Useful websites to take things further:

Blackbullion – money modules and detailed advice

Save the Student – good advice and weekly cheat sheets

Money Saving Expert – loads of tips for uni and everyday life

Student Beans – student discount codes

How Starting Block helped me prepare for the year ahead

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By Megan, BA(Hons) Media Culture and Communications

Going into a new year at university can be a nerve-wracking time for anyone and there are lots of ways you can prepare. As a student going into a year of online learning for the first time last year, I was very apprehensive about the new way of learning and all the new challenges I would face learning from home.

Fortunately, we had a Starting Block.

Starting Block is a great opportunity to set yourself up for the year ahead and make sure you’re prepared with the skills you will need for university life. Last year, because of Covid-19, all learning was done online. This took a bit of getting used to as it was a new concept for a lot of people, and while it sounded fun at first, it came with its own set of challenges.

Before starting block I felt nervous about the year ahead as well as new obstacles like wifi connections, audio issues and all the new aspects of learning we had never had to consider before. Thankfully starting block was a great opportunity to test all of this out, so when it came to the first week of term I felt fully prepared and comfortable. 

I learned a lot from Starting Block. As I mentioned, I had a lot to figure out with audio issues and connections at the start, starting block gave me the opportunity, time and support to make sure my wifi was strong enough or that I had a good desk to work from, small things that could have hindered me had I not had the opportunity to sort them out. It also helped me get used to seeing and interacting with lecturers and my peers online instead of in person.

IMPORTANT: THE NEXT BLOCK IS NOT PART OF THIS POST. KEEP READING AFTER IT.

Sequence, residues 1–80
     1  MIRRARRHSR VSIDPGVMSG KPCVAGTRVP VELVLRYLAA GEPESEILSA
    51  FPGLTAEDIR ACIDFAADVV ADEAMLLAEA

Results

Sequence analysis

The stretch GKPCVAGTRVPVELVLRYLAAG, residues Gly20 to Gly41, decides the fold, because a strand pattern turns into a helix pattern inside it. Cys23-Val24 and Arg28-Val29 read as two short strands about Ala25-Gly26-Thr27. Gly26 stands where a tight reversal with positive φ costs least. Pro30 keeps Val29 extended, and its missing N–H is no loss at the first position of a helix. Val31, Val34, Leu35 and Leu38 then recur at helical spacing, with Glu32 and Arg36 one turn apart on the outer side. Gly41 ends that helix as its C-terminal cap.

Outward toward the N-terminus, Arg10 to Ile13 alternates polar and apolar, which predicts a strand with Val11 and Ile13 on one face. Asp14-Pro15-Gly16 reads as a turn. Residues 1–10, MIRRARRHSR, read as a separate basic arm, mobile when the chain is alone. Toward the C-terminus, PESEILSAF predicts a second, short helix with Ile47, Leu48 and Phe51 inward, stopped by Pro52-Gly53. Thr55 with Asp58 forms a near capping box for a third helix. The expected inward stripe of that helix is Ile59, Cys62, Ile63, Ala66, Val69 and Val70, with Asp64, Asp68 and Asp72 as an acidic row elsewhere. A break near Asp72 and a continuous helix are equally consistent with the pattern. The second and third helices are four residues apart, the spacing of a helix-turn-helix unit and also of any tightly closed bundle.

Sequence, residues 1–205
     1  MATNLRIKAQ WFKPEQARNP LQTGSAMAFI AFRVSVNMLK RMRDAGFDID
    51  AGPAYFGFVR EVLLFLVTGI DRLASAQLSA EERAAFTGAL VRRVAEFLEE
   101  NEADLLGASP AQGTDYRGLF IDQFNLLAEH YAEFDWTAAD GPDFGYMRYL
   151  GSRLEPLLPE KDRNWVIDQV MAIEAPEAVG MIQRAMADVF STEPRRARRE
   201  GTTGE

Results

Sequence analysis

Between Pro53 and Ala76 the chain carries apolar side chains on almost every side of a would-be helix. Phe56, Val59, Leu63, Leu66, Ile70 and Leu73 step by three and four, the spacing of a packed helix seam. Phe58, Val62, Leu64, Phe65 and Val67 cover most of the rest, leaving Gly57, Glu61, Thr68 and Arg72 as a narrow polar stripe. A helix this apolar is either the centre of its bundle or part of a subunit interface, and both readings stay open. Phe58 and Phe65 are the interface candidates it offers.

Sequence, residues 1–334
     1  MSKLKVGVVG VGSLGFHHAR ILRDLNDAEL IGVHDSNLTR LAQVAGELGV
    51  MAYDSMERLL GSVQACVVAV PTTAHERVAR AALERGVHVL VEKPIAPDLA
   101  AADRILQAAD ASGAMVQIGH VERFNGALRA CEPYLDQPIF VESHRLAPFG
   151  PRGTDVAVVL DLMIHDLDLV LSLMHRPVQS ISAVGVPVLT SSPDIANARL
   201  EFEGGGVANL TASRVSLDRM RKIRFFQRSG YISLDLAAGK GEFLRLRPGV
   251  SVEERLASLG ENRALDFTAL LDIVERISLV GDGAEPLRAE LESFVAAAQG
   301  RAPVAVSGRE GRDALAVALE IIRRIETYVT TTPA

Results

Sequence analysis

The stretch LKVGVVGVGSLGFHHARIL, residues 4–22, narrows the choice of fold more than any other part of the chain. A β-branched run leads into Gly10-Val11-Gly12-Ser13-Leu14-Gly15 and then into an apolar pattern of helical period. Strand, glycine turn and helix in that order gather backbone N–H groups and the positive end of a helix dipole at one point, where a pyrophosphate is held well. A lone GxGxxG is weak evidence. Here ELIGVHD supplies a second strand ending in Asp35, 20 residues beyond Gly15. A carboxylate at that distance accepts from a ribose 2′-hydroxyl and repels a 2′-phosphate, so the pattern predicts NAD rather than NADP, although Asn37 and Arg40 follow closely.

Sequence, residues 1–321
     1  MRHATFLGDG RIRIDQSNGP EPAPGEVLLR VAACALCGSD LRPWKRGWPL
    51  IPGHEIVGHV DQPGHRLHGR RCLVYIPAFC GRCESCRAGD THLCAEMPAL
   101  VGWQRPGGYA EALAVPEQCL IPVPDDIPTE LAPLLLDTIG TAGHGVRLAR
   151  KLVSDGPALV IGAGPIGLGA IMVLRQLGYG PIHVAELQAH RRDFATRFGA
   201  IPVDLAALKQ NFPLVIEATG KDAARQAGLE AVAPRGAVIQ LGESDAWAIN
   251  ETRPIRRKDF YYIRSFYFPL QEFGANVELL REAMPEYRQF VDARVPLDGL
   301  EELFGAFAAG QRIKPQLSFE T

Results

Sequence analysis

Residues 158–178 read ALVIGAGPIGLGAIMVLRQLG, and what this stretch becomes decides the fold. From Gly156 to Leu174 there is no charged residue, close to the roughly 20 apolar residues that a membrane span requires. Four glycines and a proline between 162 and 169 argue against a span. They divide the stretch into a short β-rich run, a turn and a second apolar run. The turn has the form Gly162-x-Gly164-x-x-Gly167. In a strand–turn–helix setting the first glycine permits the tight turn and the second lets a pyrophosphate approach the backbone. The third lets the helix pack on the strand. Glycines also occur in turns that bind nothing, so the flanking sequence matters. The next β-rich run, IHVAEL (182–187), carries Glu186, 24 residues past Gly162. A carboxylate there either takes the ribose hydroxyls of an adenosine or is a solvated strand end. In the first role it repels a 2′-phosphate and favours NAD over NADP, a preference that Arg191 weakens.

Another aspect that really helped me was a group talk our lecturer gave where she discussed mental health and working from home. We were given really good advice on how to separate university life and home life, for example having separate space to work, even if this is just a desk in your room instead of working on your laptop from bed (as appealing as that sounds), so we have spaces to switch off.

We were also told to take regular breaks outside, so we could rest our eyes from looking at screens all day. Having this advice not only helped feel more prepared for what the year would be like, but it also made me feel like everyone was in the same position and it made starting the academic year easier to cope with knowing everyone was doing something new for the first time.

The advice we were given from lectures during Starting Block not only helped me prepare my working set-up but also helped me prepare mentally for the new challenges learning from home comes with. It made me feel much more comfortable with how online learning was going to be and I gained incredible benefits from it like advice from lecturers, as well as talking to other students so it is a great way to feel prepared at the start of a new year.